Cycling navigation is also coming to Maps. It will take into account elevation, so you’ll know if you’ll be dealing with a lot of hills. Unfortunately, it will only be available in New York, Los Angeles, the San Francisco Bay Area, Shanghai, and Beijing to start. More cities are on the way in the coming months. You can ask Siri for cycling directions.
If you have an electric car, you’ll be happy to learn that Apple is adding EV routing into Maps. It takes into account temperature, weather, elevation, and other information to automatically add charging stations to your route if you’ll need to juice up soon. It’s working on deep integration with car manufacturers like BMW and Ford, so it will know exactly which stations will support your car.
If your car supports Apple’s CarPlay service, you will soon be able to tap your phone to the door of the car to unlock it via NFC technology, just like paying with Apple Pay. If you lose your iPhone, you can turn off keys remotely via iCloud. You can even “share” your car keys via iMessage, and set restricted driver profiles, which can limit things like acceleration, top speed, and more. The first car to support this feature will be the 2021 BMW 5 Series, and it will likely take a number of years for a good portion of vehicles to support it.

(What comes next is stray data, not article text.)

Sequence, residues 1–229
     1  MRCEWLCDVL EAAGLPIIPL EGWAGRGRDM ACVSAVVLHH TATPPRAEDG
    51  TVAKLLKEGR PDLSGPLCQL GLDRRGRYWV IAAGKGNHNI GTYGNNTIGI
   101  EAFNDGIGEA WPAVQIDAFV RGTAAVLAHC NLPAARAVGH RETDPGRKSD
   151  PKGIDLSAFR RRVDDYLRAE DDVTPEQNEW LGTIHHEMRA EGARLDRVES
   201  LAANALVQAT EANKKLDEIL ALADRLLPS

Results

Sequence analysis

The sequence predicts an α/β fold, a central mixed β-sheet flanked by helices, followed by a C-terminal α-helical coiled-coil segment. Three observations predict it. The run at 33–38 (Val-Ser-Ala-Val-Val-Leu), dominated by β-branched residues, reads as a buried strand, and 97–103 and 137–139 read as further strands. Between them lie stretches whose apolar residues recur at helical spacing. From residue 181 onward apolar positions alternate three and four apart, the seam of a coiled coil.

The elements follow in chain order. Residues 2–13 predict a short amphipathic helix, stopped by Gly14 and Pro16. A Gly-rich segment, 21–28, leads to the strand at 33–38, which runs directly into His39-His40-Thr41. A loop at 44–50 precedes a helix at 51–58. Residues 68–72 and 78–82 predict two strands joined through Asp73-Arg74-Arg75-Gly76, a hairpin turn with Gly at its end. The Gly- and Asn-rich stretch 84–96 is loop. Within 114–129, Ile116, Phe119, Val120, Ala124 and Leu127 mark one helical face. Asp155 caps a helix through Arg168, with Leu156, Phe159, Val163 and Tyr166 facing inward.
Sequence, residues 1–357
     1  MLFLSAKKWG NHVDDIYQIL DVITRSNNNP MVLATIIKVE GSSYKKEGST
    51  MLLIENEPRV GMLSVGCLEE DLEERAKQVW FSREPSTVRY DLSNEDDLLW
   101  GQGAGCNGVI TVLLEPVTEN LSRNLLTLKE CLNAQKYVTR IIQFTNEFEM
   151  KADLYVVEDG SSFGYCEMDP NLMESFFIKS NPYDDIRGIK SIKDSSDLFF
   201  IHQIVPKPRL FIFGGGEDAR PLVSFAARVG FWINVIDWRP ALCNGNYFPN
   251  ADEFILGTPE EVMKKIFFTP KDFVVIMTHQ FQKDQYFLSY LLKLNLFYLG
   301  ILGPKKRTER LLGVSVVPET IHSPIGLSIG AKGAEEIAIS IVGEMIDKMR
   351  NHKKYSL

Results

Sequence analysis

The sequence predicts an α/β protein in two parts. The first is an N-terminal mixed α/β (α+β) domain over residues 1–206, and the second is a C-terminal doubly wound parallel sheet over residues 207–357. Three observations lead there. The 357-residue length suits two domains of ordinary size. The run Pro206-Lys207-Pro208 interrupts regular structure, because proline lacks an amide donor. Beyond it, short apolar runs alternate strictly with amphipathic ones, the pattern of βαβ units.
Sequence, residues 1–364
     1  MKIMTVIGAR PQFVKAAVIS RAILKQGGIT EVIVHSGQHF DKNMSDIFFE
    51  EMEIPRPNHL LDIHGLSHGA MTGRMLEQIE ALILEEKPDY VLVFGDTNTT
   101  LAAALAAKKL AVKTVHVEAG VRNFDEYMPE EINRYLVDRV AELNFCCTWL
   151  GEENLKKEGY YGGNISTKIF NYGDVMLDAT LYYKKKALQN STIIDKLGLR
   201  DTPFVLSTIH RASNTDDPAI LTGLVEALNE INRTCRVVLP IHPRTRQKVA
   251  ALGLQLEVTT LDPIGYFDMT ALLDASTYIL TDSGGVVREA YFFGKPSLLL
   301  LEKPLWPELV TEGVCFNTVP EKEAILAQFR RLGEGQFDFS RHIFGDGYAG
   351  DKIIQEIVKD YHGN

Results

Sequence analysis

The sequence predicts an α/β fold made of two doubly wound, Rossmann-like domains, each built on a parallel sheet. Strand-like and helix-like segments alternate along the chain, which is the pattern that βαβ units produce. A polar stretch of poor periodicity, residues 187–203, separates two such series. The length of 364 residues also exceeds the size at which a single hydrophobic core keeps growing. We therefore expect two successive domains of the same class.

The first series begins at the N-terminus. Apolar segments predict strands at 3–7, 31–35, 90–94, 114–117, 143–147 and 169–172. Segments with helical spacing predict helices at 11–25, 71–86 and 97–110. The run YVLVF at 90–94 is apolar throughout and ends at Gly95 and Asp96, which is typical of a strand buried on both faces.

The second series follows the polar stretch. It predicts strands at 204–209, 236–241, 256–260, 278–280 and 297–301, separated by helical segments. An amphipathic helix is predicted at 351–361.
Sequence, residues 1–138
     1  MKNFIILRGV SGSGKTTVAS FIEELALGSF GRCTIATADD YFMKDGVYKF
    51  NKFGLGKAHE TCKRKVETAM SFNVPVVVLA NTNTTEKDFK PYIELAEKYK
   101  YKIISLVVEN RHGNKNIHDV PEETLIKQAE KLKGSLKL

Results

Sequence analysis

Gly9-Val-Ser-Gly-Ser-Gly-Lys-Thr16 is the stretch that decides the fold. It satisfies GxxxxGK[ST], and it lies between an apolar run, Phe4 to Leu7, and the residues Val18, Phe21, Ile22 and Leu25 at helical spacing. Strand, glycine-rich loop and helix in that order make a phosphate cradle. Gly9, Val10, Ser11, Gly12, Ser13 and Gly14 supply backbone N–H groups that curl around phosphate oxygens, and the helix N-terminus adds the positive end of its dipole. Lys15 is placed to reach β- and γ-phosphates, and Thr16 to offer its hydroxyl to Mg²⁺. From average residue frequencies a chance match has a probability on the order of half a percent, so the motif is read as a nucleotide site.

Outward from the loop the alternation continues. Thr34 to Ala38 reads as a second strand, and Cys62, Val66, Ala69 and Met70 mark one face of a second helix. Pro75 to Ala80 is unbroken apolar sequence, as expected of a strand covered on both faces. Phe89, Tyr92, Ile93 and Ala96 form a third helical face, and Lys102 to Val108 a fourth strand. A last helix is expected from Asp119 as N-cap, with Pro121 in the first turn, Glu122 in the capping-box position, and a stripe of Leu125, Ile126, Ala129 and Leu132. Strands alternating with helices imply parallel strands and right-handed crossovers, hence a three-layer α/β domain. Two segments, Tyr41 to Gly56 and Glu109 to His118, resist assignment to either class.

Apple wants to make it easier for you to find and use new apps based on what you are doing and where you are. This comes in the form of App Clips, which are bite-sized versions (10-megabytes or less) of apps that you can use for one-off instances. For example, if you’re browsing Panera’s menu in Safari or looking up the closest restaurants near you in Maps, an App Clip might pop up from the bottom of your screen. It’s a lightweight version of the Panera app you can use to check the menu and place an order for pick up. It relies on Apple Pay and Apple’s sign-in instead of requiring you to make a Panera account if you don’t have one.
Another example is using an App Clip to pay for a parking meter or to rent a scooter. These App Clips can be found by tappable NFC tags, or QR codes around you. If you need to find the App Clip again, you can see them in the new App Library, so you can download the full app later if you want. It’s very similar to Android Instant Apps, which Google introduced a few years ago.
Other Small Changes
Those are some of the major iOS 14 upgrades. Here are some smaller tidbits. If you want to read every single update, check out Apple’s iOS 14 preview website.
- You can change the default email and web browser apps. So you can replace Apple’s Mail app with Gmail, for example.